The Occupational Therapy Gift Guide for Kids

holidays, present, childhood and happiness concept - close up of child and mother hands with gift box over christmas tree lights background

As occupational therapists, we often guide parents on toy recommendations for children to help with overall fine motor, gross motor and sensory development. As the holidays are approaching, below are some great gift ideas for children of all ages on your list. Each of these toys can help promote occupational therapy goals at home. Please follow the suggested age range and safety directions for each toy, and ask your occupational therapist if you need more specific suggestions:

Babies 0-6 months
The focus at this stage is on stimulating the baby’s senses, promoting tummy time as well as grasping and reaching, and encouraging interaction.

  • Play mat
  • Soft rattles with contrasting colors
  • Mirrors
  • Soft fabric books
  • Soft toys that crinkle or squeak

Babies 6-12 months
Time to start working on hand-eye coordination!

  • Bath toys
  • Pop beads
  • Musical instruments to promote bilateral hand use
  • Bubbles
  • Stacking toys
  • Cause and effect toys (pop-up toys)

Promote pencil grasp
Lots of children that we see in occupational therapy struggle with grasping a pencil, making it difficult to learn to color and write. These toys can help them practice without even realizing it!

  • Games that require the use of tweezers
  • Thick, short markers or crayons
  • Two player connection games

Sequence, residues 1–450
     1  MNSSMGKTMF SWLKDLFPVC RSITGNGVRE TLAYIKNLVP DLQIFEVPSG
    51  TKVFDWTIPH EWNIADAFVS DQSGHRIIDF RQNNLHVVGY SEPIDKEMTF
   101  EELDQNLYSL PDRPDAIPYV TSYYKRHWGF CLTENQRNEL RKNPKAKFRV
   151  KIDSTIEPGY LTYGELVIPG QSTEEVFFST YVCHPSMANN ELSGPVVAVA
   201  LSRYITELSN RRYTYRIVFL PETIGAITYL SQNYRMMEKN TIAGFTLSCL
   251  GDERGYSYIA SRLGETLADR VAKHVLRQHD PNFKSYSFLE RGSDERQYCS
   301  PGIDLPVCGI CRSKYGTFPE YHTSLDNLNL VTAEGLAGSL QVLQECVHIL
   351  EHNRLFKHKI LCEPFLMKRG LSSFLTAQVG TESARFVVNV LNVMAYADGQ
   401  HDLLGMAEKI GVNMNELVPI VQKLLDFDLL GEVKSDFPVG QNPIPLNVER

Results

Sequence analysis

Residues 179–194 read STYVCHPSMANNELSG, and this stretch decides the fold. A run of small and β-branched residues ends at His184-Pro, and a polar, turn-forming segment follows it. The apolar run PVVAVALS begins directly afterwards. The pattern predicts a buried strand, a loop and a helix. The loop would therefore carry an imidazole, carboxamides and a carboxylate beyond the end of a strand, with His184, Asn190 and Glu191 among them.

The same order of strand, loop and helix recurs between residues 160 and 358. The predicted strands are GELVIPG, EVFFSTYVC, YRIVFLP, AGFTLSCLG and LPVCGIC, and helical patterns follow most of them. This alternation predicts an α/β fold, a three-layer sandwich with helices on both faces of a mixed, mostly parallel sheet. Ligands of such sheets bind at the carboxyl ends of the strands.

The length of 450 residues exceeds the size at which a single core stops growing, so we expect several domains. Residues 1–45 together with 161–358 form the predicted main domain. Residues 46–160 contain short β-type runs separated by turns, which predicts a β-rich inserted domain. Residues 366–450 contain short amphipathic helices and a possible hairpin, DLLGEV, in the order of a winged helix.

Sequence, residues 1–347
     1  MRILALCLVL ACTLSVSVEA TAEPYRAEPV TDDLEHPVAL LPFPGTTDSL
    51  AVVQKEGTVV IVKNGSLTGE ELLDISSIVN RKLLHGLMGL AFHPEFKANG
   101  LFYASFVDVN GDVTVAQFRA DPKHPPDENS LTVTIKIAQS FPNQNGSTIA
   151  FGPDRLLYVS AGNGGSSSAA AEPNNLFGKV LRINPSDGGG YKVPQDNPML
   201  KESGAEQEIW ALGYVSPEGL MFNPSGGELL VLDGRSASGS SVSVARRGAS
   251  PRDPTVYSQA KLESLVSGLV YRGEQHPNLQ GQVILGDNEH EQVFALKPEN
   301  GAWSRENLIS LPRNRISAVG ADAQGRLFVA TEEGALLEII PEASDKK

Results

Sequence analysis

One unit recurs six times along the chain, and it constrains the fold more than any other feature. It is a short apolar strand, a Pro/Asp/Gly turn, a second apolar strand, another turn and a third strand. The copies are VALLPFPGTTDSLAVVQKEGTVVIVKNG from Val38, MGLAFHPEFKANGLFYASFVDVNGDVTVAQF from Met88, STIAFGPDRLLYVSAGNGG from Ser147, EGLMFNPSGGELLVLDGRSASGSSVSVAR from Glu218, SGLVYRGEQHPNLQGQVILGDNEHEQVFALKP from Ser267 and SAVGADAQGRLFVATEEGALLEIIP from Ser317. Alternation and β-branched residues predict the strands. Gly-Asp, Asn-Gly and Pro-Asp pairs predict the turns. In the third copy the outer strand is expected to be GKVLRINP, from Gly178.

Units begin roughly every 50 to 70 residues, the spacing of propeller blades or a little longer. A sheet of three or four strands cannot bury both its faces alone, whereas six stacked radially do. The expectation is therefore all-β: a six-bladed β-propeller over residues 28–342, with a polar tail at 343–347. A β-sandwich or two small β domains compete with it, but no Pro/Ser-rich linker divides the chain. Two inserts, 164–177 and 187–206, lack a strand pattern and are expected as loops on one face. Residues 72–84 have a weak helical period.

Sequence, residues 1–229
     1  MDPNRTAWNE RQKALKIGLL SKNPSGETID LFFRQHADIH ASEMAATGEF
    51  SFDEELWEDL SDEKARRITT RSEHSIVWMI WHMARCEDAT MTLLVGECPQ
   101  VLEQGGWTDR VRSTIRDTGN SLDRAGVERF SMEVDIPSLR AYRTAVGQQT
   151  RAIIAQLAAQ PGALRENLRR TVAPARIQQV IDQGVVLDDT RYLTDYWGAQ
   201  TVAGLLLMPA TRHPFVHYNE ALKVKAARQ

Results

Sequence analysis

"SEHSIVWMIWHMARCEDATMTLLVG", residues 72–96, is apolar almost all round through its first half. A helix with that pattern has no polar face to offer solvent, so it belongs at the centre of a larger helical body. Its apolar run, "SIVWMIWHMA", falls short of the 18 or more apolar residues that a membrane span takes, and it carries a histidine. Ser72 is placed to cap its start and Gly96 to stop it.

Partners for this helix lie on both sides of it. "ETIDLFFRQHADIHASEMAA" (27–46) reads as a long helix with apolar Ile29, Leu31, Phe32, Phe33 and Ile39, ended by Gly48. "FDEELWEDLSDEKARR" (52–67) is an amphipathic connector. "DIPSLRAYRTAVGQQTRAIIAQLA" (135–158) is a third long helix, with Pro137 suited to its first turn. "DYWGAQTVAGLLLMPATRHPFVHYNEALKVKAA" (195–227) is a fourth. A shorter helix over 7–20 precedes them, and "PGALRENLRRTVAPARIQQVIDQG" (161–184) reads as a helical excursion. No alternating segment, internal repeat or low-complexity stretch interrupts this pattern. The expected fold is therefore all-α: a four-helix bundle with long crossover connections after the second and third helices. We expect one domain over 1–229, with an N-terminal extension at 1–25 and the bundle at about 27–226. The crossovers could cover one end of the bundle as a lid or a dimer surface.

• Bingo dabbers
  • Bath crayons
  • Stickers

Promote Imaginative Play
Around 2 years is a good time to start encouraging your child to use their imagination and engage in pretend play. It’s fun for them and important for their brain development:

  • Dress up costumes
  • Play kitchen
  • Train sets
  • Dolls
  • Doctor kits

Visual-Perceptual/Motor Development
These types of toys help children work on spatial relations, problem solving, visual scanning, as well as encouraging fine motor coordination.

  • Connect the dots drawings
  • Mazes
  • Eye-spy games
  • Puzzles
  • Geoboards
  • Problem solving games

For Children who Benefit from Movement
Toys that offer children the chance to burn off some energy will make it easier for them to be more attentive and organized later, like at school. These activities will also increase endurance and coordination.

  • Trampoline
  • Plastic ride-on toy cars
  • Bikes
  • Scooter board
  • Balance board
  • Jump rope
  • Games that encourage movement and memory
  • Interactive video games
  • Hula hoop

For Sensory
Children who get overwhelmed by too much stimulation or those that seek stimulation will benefit from playing with a variety of tactile toys:

  • Moon sand
  • Finger paint
  • Playdough
  • Water tables
  • Toys that vibrate
  • Fidget toys (stress or squeeze balls)

Christina-Pierozzi-200-240Ranit Beck and Christina Pierozzi are pediatric occupational therapists at the CA Technologies Rehabilitation Center within Hospital for Special Surgery’s Lerner Children’s Pavilion.

Topics: Featured, Pediatrics
The information provided in this blog by HSS and our affiliated physicians is for general informational and educational purposes, and should not be considered medical advice for any individual problem you may have. This information is not a substitute for the professional judgment of a qualified health care provider who is familiar with the unique facts about your condition and medical history. You should always consult your health care provider prior to starting any new treatment, or terminating or changing any ongoing treatment. Every post on this blog is the opinion of the author and may not reflect the official position of HSS. Please contact us if we can be helpful in answering any questions or to arrange for a visit or consult.

Leave a Reply

Your email address will not be published. Required fields are marked *